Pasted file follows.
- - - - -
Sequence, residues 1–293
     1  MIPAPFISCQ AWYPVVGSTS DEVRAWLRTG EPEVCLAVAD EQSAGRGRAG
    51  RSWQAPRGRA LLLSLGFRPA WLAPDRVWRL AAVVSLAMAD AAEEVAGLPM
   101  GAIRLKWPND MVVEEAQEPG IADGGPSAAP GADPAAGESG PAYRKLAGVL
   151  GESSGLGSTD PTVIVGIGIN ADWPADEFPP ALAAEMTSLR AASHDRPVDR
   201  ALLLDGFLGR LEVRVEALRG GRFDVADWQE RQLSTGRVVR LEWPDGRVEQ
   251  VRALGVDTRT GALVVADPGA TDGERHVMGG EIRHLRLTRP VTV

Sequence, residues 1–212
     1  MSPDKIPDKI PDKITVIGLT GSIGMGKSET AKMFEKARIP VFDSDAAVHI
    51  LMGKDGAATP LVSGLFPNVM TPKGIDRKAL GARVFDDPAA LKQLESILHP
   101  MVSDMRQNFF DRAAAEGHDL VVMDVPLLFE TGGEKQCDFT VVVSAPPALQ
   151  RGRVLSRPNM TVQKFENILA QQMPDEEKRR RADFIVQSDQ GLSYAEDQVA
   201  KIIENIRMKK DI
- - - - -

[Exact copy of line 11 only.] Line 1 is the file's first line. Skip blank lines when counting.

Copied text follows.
   101  MVSDMRQNFF DRAAAEGHDL VVMDVPLLFE TGGEKQCDFT VVVSAPPALQ